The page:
Once you’re covered from front to rear with the lights of your choice, get out there this summer and ride more miles than you ever have before without fear of losing the sun’s rays!


Four rear lights for summer nights (and beyond)

By Jeffrey Stern 

Although the longest day of the year has passed, there are plenty of late summer nights in our future. When I think of summer, I think of big bike adventures, often planned to be done around dinner time, but also just as often pushed well past twilight. Only for pure enjoyment sake and because you can never say no to one more new trail or road when there’s still a bit of light left in the sky, right?

Too many times this leads to riding home in the dark, sharing lights with a friend or two. The classic, one of you has a front light, the other a rear and the third has neither so they sit in the middle of the reduced peloton on the midnight express through the city streets and back safely home…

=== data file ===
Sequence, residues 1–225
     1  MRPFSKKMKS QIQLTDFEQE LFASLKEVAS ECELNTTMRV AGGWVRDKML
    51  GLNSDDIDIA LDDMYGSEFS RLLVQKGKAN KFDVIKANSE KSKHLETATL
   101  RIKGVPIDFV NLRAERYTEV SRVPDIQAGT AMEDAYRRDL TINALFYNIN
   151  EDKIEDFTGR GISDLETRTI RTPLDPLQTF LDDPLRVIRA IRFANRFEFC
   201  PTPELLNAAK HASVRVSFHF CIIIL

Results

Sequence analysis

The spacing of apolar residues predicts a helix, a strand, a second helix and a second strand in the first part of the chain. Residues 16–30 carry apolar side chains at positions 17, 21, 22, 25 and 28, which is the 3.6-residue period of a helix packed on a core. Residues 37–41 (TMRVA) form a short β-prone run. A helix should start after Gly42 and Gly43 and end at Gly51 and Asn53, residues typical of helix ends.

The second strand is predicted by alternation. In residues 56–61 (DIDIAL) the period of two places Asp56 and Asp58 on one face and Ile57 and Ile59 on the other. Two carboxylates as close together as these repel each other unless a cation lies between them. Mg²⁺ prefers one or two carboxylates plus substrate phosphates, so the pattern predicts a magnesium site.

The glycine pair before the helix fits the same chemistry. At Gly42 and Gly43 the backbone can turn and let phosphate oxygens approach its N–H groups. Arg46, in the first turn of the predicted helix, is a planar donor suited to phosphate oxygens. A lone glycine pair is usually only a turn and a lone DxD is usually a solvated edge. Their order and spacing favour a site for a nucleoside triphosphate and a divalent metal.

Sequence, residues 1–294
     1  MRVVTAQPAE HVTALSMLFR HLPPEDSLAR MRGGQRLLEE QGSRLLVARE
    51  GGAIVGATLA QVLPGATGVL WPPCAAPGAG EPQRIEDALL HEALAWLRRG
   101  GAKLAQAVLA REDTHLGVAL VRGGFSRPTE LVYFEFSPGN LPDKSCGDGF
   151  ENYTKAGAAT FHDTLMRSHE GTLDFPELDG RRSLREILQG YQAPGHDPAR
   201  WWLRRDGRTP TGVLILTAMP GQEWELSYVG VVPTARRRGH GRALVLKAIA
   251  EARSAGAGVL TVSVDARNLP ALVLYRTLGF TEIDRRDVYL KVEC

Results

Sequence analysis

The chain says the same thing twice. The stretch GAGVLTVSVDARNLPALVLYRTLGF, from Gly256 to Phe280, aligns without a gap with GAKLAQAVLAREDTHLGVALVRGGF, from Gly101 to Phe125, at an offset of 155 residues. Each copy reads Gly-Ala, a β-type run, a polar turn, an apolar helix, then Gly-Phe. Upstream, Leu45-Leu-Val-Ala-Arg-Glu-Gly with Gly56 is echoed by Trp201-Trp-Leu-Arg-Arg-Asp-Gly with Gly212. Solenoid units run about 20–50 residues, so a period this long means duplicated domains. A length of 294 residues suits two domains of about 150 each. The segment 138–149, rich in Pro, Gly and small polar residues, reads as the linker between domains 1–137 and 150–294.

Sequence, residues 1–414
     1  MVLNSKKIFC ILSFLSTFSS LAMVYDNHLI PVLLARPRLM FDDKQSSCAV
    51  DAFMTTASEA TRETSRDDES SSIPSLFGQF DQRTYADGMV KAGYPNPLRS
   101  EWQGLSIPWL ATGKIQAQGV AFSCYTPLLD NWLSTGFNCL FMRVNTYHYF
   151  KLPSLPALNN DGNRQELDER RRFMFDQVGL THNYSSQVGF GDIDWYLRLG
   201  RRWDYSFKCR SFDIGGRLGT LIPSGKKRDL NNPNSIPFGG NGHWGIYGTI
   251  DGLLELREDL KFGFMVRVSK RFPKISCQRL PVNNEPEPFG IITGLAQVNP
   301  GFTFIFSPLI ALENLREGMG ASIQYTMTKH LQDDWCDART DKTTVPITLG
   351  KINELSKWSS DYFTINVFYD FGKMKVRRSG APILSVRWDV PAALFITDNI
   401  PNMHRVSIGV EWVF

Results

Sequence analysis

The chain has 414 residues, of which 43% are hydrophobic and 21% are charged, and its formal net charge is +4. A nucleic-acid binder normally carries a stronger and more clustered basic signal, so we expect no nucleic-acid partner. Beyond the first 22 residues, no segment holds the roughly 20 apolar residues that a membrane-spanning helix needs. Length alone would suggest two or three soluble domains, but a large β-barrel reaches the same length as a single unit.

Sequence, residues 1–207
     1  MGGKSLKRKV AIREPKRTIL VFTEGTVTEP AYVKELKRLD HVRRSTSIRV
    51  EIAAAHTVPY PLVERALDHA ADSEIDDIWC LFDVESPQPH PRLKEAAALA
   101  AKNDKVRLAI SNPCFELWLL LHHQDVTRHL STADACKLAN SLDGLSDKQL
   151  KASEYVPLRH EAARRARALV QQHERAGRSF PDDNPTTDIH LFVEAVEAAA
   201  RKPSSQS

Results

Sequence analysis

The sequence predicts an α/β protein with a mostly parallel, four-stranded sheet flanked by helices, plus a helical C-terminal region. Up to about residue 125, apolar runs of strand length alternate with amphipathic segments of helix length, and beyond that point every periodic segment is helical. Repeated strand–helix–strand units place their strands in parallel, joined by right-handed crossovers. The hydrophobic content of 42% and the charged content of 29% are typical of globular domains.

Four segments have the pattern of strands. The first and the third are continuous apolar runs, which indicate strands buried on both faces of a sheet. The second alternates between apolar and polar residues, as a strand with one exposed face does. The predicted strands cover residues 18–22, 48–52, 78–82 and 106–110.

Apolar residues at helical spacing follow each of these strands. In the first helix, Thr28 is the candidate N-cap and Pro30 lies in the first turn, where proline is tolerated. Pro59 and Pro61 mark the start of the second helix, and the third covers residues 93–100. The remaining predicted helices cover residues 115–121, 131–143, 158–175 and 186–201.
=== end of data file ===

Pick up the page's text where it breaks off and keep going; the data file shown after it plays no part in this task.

Why not nearly guarantee your visibility with a high-quality, USB rechargeable light that will last you for seasons to come? Trust me, your family and tail-wagging pup will thank you when you walk in the door safely all summer long.

The Lezyne Zecto is a high visibility three-LED, 20 lumen light with a built in motion detecting system featuring six different flashing modes. This light will automatically turn off after three minutes of inactivity. With a machined aluminum faceplate and lightweight, yet durable composite matrix body the Zecto it is as sturdy as functional. At a svelte 47 grams, this micro-USB rechargeable light also has a versatile clip-on system for easy attachment to your seatpost, pannier or backpack and only costs $50.


At 65 lumens, Trek’s Bontrager Flare R Tail Light features a CREE LED that can reportedly be seen from over 2km away day or night. With two night and two day modes, the 270-degree visibility offered by the Flare provides the ultimate safety options for all-day riding. A unique battery save mode kicks in at 5% life to get you home safely in that last hour of your ride. The quick connect bracket and 16 degree offset makes attachment and adjustment a breeze for this features loaded $60 USB rechargeable light.